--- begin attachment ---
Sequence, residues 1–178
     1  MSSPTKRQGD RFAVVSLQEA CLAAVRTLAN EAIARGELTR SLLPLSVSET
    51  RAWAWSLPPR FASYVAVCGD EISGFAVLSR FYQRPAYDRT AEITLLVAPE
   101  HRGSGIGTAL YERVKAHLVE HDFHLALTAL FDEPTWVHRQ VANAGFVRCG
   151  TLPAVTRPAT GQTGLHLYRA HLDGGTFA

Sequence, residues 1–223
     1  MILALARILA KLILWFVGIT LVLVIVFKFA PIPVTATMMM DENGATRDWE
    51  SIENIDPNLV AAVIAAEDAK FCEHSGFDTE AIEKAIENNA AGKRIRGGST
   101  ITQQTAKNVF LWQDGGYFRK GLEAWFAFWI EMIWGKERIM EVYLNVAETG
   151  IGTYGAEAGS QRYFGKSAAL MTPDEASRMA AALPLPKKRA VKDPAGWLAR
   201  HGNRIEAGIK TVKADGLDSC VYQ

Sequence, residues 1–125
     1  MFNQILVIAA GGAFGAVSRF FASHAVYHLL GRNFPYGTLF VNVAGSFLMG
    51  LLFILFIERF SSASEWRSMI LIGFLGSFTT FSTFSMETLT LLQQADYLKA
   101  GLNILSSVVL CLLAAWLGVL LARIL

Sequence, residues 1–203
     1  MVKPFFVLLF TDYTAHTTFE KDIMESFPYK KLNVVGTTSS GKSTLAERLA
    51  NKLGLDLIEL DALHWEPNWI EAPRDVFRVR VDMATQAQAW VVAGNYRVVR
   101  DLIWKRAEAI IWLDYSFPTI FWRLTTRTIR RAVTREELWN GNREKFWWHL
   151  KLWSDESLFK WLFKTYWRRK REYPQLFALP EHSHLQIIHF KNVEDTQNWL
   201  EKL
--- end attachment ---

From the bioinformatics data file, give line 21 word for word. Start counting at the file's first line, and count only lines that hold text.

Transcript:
   201  EKL